preemptively dropping them. (If these commits then become empty after
           rebasing, because they contain a subset of already upstream changes,
           the behavior towards them is controlled by the --empty flag.)

           By default (or if --no-reapply-cherry-picks is given), these commits
           will be automatically dropped. Because this necessitates reading all
           upstream commits, this can be expensive in repos with a large number
           of upstream commits that need to be read. When using the merge
           backend, warnings will be issued for each dropped commit (unless
           --quiet is given). Advice will also be issued unless
           advice.skippedCherryPicks is set to false (see git-config(1)).

           --reapply-cherry-picks allows rebase to forgo reading all upstream
           commits, potentially improving performance.

           See also INCOMPATIBLE OPTIONS below.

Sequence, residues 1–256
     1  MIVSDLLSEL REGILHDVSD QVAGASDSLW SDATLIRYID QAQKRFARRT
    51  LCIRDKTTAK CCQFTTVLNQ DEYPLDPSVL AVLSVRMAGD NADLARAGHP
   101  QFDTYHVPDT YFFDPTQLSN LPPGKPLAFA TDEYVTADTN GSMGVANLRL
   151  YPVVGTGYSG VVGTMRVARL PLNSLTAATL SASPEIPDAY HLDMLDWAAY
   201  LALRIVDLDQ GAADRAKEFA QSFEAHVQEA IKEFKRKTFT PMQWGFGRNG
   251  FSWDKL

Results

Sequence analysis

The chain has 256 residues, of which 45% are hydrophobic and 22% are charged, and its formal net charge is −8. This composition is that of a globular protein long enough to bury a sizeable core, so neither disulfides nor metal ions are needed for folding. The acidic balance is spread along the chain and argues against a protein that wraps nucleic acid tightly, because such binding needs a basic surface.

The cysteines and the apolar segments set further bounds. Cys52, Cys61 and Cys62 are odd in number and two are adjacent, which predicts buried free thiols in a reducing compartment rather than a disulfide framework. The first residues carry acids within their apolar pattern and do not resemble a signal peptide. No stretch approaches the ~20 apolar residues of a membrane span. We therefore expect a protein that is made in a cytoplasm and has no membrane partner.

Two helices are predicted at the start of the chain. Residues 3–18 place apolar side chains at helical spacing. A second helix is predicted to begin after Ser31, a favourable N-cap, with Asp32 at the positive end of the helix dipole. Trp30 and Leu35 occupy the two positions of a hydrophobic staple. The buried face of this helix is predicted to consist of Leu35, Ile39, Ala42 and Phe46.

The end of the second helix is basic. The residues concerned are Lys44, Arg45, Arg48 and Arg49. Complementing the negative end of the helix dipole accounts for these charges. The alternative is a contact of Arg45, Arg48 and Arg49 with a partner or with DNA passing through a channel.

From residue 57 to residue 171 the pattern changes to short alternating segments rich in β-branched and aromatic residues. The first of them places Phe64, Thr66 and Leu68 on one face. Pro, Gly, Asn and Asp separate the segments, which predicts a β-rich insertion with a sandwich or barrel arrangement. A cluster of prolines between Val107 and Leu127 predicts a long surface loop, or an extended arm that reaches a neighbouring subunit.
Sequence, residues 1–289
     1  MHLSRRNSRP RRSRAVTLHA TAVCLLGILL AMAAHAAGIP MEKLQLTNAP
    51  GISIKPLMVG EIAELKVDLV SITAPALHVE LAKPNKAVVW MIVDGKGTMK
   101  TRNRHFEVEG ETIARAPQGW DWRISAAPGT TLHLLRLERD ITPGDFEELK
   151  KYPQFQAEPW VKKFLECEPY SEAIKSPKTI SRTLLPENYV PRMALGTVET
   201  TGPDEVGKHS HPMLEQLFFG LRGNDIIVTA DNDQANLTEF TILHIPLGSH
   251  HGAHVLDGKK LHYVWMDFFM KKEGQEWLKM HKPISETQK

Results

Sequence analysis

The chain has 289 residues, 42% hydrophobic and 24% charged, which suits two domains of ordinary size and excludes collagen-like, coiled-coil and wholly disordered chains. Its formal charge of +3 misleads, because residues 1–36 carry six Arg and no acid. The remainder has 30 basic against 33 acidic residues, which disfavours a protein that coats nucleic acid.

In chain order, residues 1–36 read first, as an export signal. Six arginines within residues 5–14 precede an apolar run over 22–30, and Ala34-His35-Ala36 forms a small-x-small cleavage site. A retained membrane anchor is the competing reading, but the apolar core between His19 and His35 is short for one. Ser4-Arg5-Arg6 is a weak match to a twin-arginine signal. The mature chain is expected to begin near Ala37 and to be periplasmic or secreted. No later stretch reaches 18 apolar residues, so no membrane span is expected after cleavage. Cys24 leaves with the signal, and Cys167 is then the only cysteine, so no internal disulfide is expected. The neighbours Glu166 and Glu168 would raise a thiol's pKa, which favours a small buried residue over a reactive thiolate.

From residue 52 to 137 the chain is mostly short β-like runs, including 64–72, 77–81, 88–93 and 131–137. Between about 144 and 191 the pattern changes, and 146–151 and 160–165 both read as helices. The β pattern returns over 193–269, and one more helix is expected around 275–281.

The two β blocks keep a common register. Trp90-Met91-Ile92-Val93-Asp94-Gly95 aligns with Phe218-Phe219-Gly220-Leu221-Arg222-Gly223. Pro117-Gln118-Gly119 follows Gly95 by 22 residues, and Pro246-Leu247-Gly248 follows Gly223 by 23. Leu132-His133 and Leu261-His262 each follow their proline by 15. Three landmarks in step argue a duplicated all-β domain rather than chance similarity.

--allow-empty-message
           No-op. Rebasing commits with an empty message used to fail and this
           option would override that behavior, allowing commits with empty
           messages to be rebased. Now commits with an empty message do not
           cause rebasing to halt.

           See also INCOMPATIBLE OPTIONS below.

       --skip
           Restart the rebasing process by skipping the current patch.

       --edit-todo
           Edit the todo list during an interactive rebase.

       --show-current-patch
           Show the current patch in an interactive rebase or when rebase is
           stopped because of conflicts. This is the equivalent of git show
           REBASE_HEAD.

       -m, --merge